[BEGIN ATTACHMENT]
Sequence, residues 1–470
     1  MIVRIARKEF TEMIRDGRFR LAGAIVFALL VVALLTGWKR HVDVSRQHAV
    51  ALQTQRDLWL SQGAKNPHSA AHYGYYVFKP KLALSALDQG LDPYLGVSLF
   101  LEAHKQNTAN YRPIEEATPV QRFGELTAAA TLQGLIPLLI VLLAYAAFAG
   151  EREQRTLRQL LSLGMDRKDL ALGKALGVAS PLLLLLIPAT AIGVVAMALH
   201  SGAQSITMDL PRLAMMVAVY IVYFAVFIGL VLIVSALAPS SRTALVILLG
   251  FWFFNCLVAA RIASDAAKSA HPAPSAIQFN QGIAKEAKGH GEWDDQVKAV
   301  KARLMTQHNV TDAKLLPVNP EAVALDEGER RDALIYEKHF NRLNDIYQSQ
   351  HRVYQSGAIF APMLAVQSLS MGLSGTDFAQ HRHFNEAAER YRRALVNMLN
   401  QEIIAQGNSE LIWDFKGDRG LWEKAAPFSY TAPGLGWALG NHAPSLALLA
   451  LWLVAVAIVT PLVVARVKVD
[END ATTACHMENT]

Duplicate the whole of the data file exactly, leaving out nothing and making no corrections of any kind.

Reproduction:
Sequence, residues 1–470
     1  MIVRIARKEF TEMIRDGRFR LAGAIVFALL VVALLTGWKR HVDVSRQHAV
    51  ALQTQRDLWL SQGAKNPHSA AHYGYYVFKP KLALSALDQG LDPYLGVSLF
   101  LEAHKQNTAN YRPIEEATPV QRFGELTAAA TLQGLIPLLI VLLAYAAFAG
   151  EREQRTLRQL LSLGMDRKDL ALGKALGVAS PLLLLLIPAT AIGVVAMALH
   201  SGAQSITMDL PRLAMMVAVY IVYFAVFIGL VLIVSALAPS SRTALVILLG
   251  FWFFNCLVAA RIASDAAKSA HPAPSAIQFN QGIAKEAKGH GEWDDQVKAV
   301  KARLMTQHNV TDAKLLPVNP EAVALDEGER RDALIYEKHF NRLNDIYQSQ
   351  HRVYQSGAIF APMLAVQSLS MGLSGTDFAQ HRHFNEAAER YRRALVNMLN
   401  QEIIAQGNSE LIWDFKGDRG LWEKAAPFSY TAPGLGWALG NHAPSLALLA
   451  LWLVAVAIVT PLVVARVKVD